In November 2019, the Centre had announced setting up the Rs25,000 crore SWAMIH Investment Fund to provide relief to developers with unfinished projects to ensure delivery of homes to buyers
MUMBAI: A distressed real estate fund, set up by the Centre under the Special Window for Affordable and Mid Income Housing (SWAMIH) scheme to complete stalled projects, is gearing up to deliver its first batch of 17 housing projects, comprising more than 6,000 units by the end of fiscal 2022.
It has also sanctioned around 165 projects for completing 1 lakh housing units over the next few years. Of these, 55 have received final approvals for completing 35,000 units, the fund's investment officer Irfan Kazi said in an analyst call organized by Macquarie Research.
SWAMIH is a category 2 Alternate Investment Fund (AIF) with limited ability to take leverage.
Unlike other private equity funds, Kazi said, the fund only looks at RERA-registered stressed and stalled projects with a positive net worth. After consultation with the government, the fund had brought down the IRR from 15% to 12% after several projects could not meet the net worth criteria.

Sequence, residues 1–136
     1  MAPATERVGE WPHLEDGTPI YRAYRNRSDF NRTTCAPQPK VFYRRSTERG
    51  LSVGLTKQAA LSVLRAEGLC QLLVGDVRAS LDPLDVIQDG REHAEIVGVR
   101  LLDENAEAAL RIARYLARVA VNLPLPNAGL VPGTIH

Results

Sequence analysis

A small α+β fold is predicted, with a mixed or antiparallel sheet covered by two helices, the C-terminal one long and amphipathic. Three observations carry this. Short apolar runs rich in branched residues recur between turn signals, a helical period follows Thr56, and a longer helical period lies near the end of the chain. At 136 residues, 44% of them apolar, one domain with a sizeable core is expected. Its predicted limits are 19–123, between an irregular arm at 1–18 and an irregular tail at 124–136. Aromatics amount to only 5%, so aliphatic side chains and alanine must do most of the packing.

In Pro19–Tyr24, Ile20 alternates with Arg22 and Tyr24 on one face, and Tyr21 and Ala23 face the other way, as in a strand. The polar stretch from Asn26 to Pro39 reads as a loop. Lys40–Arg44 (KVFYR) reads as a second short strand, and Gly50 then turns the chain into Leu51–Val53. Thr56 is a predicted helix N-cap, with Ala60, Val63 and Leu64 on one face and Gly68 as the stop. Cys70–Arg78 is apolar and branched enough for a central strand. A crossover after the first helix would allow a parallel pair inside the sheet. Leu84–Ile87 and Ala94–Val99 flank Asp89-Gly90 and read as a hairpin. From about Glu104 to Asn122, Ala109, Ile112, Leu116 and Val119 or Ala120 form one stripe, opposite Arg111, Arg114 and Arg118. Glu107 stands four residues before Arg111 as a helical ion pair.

Kazi said there was significant reluctance from lenders, refusing to take second charge of the project once the fund comes in.
“According to the regulations, SWAMIH takes first charge on assets and cash flows which means they get paid first once the project is completed. Lenders are worried that acceding charge would result in change in asset classification, higher provisions etc," he said.
Among lenders, private sector banks have been more proactive about completing stuck projects as compared to public sector banks. That said, the fund looks at projects with no lenders, where the developer was able to generate significant amount of sales initially but later slowed down, he added.
In November 2019, the Centre had announced setting up the Rs25,000 crore SWAMIH Investment Fund to provide relief to developers with unfinished projects to ensure delivery of homes to buyers.
The aim was to help complete over 1,500 stalled housing projects, including those that have been declared non-performing assets (NPAs) or had been admitted for insolvency proceedings. The fund has 14 investors, with the government holding 50% in the fund, Life Insurance Corp. and State Bank of India each having 10%, and the rest with public and private-sector players.
According to Kazi, there are around 4.5 lakh units spread across 1,600 stalled projects in the country. Most of these projects are in the Mumbai Metropolitan Region--at 41%--and the National Capital Region, at 24%.
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